CSOs urges capacity building of members on UHC
By Muhammad Auwal
Some media practitioners and Civil Society Organisations (CSOs) officials have emphasised on capacity building of their members and legislators to report and monitor the attainment of Universal Health Coverage (UHC) in the country.
The officials shared their views in an interview with newsmen in Abuja, after the just concluded Legislative Summit UCH.
National President, Nigeria Association of Women Journalists (NAWOJ), Mrs Ifeyinwa Omowole emphasised on capacity building for journalist to be able to interpret, understand and report UHC.
“If you need people to interpret whatever you are doing, you need to first educate and build their capacity to be able to understand.
“If they don’t understand you, they will be misquote you and misinform the public,’’ she said.
According to her, anyone who wants to cover the health beat should get trained because they are trends in the health sector on a daily basis.
Omowole said the media had a lot of role to play in democracy, saying “the role of the media is to interpret the work of the legislature to the masses.
“For the media to effectively do that, they need to interpret what Universal Health Coverage (UHC) is about?
“They need to know the effort of the legislators to achieve it and where to access health care facility.
“From the first step, the legislators have to involve the media; they have to help build the capacity of media to understand the bill they want to pass.
“When they understand it, it will be easier for them to interpret for the masses,’’ she said.
In her views, Ms Chioma Kanu, Programme Manager Health, Civil Society Legislative Advocacy Centre (CISLAC) said that the nature of CSOs made them to be in a better place to engage the legislators and the citizens.
“We realised that there is a wide gap between the CSOs, the citizens and the legislators; the role of CSOs is continuous advocate to fill the gap.
“Also, the CSOs have a role of monitoring the programmes of the legislators, but unfortunately some citizens are not aware of some of the programmes.
“In addition, we also expect the CSOs to build the capacity of the legislators; we understand that their job is not a career one.
“We expect CSOs to build the capacity of those newly elected legislators so that they will begin to understand the developmental issues.
“For Instance, they need to understand, the Basic Health Provision Fund (BHPF) and once they do, they will be able to do their work effectively,’’ she said.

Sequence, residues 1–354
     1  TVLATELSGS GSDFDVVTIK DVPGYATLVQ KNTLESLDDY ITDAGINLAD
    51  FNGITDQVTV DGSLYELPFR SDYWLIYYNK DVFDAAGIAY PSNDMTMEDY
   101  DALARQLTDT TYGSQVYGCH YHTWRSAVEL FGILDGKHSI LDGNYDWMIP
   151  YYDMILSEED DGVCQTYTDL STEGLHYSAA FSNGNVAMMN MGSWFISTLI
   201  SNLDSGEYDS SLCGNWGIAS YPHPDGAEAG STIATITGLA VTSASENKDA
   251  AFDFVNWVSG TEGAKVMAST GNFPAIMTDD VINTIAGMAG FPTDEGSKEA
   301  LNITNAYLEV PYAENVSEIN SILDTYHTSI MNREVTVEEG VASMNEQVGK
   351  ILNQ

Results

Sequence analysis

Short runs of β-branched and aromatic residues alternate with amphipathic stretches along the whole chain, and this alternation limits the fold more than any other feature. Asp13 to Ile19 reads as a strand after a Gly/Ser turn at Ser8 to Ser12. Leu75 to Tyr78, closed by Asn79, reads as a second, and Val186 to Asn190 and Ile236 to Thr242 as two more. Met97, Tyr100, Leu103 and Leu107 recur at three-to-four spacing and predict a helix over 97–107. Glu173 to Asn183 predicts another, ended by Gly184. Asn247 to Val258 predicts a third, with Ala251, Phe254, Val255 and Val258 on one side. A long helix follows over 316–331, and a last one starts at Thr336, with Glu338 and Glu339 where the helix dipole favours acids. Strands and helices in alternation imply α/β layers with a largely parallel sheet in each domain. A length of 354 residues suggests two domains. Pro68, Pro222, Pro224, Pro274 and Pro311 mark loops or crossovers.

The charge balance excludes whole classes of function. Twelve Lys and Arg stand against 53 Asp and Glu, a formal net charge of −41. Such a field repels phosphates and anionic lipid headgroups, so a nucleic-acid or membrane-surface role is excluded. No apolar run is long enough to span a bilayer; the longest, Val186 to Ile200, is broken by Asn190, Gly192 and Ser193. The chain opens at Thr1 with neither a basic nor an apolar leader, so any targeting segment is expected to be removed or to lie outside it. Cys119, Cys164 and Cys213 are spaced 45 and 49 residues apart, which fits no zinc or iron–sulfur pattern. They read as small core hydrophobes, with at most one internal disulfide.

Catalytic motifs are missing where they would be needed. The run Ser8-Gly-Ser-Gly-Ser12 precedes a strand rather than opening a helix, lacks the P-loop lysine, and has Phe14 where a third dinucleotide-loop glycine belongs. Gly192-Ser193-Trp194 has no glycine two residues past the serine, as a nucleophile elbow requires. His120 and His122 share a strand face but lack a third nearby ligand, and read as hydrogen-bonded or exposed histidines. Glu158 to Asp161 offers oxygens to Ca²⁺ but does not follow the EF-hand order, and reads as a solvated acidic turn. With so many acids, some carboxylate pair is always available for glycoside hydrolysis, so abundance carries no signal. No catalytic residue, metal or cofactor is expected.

Also speaking, Ms Mary Ajakaye, an official of Civil Society Scaling-Up Nutrition in Nigeria (CS-SUNN) said, the CSOs were meant to be the voice for the voiceless.
“We are to serve as a bridge between the legislators and the public.
“We are to bring synergy to whatever the legislators are to doing; they should carry the CSOs along to be able to be their foot soldier,” she said.
Sen. Ibrahim Oloriegbe, Chairman, Senate Committee on Health, in his closing remarks at the summit, said the media and CSOs needed to build their own capacity.
“I see deficit in capacity of Civil Society operating, particularly for media – media don’t have capacity to help the system, I am saying this with due respect,’’ he said.
Oloriegbe said the media and CSOs should have the knowledge to set health agenda of the legislators and inform the citizens about it.
“For instance, the Basic Health Provision Fund we are talking about, the guideline did not go in line with the law.
“We did not see any CSOs and media bring the two of us — Legislature and Executive to book and inform the citizens about it,’’ he said.
He, however, called for more coordination and continuous engagement among the legislators, media and CSOs to achieve UHC.
The three- day health summit organised by the Legislative Network for Universal Health Coverage ended on Friday with more commitment by the national and state lawmakers to achieve UHC in the country.
The theme of the summit is “Efficiency in the Health Sector and the Role of Legislators in a Decentralised Democracy”.
UHC means that all people and communities can use the preventive, curative, rehabilitative and palliative health services they need and ensuring that the use of these services does not expose the user to financial hardship.